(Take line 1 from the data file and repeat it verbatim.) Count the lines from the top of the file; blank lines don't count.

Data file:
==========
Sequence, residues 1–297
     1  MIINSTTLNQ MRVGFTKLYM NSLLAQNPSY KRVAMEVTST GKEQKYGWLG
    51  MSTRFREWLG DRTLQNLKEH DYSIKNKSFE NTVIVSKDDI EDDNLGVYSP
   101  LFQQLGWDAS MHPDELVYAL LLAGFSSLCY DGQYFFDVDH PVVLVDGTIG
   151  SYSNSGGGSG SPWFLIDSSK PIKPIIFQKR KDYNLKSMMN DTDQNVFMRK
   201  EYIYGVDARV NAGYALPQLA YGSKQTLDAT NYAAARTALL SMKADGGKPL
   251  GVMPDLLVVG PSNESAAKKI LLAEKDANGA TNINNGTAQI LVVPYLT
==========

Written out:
Sequence, residues 1–297